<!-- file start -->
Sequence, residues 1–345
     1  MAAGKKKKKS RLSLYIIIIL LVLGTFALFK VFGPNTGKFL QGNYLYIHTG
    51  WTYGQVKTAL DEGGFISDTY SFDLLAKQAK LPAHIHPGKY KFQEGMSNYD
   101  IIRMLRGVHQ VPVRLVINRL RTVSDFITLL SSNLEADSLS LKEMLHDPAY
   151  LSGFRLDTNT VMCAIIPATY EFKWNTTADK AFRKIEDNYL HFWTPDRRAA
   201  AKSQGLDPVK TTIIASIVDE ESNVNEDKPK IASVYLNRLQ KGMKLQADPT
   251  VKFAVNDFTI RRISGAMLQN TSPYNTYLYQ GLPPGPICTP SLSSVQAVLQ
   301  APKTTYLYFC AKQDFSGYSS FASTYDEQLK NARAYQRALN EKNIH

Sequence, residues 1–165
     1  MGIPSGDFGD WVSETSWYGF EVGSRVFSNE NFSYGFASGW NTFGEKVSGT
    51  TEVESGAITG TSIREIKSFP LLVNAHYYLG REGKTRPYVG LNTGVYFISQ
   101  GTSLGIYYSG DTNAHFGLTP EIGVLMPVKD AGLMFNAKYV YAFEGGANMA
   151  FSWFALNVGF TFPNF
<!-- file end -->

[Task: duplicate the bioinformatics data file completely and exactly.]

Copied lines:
Sequence, residues 1–345
     1  MAAGKKKKKS RLSLYIIIIL LVLGTFALFK VFGPNTGKFL QGNYLYIHTG
    51  WTYGQVKTAL DEGGFISDTY SFDLLAKQAK LPAHIHPGKY KFQEGMSNYD
   101  IIRMLRGVHQ VPVRLVINRL RTVSDFITLL SSNLEADSLS LKEMLHDPAY
   151  LSGFRLDTNT VMCAIIPATY EFKWNTTADK AFRKIEDNYL HFWTPDRRAA
   201  AKSQGLDPVK TTIIASIVDE ESNVNEDKPK IASVYLNRLQ KGMKLQADPT
   251  VKFAVNDFTI RRISGAMLQN TSPYNTYLYQ GLPPGPICTP SLSSVQAVLQ
   301  APKTTYLYFC AKQDFSGYSS FASTYDEQLK NARAYQRALN EKNIH

Sequence, residues 1–165
     1  MGIPSGDFGD WVSETSWYGF EVGSRVFSNE NFSYGFASGW NTFGEKVSGT
    51  TEVESGAITG TSIREIKSFP LLVNAHYYLG REGKTRPYVG LNTGVYFISQ
   101  GTSLGIYYSG DTNAHFGLTP EIGVLMPVKD AGLMFNAKYV YAFEGGANMA
   151  FSWFALNVGF TFPNF